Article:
I will never forget talking to a lovely woman on the phone one day when she told me she had not been out with her family since taking over the care of her uncle. She was beside herself pushing back tears when I told her that a volunteer would be coming over to sit with her beloved uncle so she could go out and enjoy a nice dinner with her children.

It brings me to tears thinking about it. Or the gentleman who helped a beautiful 18 year old woman make a video so that her family would always be able to watch her when she was no longer here.

It is no surprise that I missed this work.

The quiet at home felt very odd. I would go to the park, meet friends, and get coffee but it all felt like a weird world I wasn’t sure I had signed up for. As much as I like being alone, I like to be with people too!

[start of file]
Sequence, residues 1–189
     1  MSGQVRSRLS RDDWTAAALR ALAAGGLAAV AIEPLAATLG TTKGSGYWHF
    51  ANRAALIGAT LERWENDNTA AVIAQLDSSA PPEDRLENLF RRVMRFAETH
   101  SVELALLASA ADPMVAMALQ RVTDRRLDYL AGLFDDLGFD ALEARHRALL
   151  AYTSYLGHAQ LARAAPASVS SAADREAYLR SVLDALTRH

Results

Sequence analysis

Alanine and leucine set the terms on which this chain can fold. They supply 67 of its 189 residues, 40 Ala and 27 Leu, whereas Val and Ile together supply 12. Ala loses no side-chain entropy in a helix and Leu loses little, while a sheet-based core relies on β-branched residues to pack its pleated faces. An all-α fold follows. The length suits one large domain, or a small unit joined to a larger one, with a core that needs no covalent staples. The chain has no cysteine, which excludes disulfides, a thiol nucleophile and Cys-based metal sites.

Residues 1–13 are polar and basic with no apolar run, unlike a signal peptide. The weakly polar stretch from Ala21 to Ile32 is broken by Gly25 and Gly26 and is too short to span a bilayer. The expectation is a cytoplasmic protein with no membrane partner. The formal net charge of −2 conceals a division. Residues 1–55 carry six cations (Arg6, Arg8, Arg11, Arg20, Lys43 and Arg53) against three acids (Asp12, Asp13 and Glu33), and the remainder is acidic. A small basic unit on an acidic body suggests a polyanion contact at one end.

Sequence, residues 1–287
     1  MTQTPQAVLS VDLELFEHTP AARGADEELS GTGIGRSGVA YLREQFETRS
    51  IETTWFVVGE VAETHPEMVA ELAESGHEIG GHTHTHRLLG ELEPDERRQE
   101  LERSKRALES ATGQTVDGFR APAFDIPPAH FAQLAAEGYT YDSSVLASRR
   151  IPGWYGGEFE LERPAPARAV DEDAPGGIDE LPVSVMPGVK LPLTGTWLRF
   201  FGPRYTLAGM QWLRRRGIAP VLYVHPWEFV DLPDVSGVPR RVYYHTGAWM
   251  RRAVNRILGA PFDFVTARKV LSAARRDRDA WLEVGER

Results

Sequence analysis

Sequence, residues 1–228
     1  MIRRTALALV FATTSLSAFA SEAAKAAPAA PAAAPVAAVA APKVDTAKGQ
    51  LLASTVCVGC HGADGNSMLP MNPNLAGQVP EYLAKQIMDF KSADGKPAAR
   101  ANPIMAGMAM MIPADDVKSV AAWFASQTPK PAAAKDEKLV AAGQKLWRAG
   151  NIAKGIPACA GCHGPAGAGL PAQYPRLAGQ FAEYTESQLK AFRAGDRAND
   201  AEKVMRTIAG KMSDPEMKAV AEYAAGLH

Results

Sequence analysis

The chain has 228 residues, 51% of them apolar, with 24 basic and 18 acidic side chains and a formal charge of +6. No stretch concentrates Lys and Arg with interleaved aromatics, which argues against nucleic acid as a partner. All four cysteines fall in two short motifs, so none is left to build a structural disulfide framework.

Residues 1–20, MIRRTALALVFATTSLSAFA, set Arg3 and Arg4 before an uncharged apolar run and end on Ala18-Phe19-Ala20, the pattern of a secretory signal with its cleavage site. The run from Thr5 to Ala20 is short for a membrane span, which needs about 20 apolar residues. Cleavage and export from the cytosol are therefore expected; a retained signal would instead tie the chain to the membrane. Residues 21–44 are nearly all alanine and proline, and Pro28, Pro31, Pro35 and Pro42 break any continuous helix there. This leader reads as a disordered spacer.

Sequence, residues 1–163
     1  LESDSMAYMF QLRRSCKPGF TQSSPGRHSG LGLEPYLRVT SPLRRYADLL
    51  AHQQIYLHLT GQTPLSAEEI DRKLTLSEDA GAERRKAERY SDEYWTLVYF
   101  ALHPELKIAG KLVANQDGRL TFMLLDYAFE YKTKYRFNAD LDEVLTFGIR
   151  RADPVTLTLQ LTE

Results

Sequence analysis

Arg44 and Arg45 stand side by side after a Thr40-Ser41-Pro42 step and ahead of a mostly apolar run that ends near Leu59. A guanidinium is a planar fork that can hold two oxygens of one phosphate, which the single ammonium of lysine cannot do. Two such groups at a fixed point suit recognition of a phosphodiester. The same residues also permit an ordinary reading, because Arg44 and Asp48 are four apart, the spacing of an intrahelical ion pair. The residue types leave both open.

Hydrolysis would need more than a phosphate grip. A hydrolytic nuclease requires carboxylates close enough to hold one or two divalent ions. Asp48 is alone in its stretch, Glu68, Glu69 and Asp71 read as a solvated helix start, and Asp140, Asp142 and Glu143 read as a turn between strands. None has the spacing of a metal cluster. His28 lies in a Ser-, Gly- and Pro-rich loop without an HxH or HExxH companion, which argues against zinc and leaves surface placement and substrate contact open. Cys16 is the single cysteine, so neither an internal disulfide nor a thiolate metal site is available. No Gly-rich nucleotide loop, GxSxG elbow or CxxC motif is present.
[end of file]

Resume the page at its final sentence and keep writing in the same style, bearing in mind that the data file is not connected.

And we human beings are social creatures wired for connection. We thrive from deep bonds with one another. Bonds that help us make meaning out of our days and bonds that help us navigate the spectrum of emotions and experiences.

This brings me back to my groups. Really they are about connection. And not just the connection to one another but the connection to ourselves. Sometimes we get so busy or overwhelmed, we may not even be able to identify what in our life brings us joy. So we snap at our loved ones because we are so depleted.

Or maybe shut down or clam up because we feel fearful.

But then we talk to others struggling and we feel less afraid. Or we share what we are grateful for and we are reminded just how much there is to celebrate.

It is a reminder that we have more similarities than we do differences. It is a reminder of how much we need each other. And how much can happen when we come together in the spirit of collaboration and soulfulness.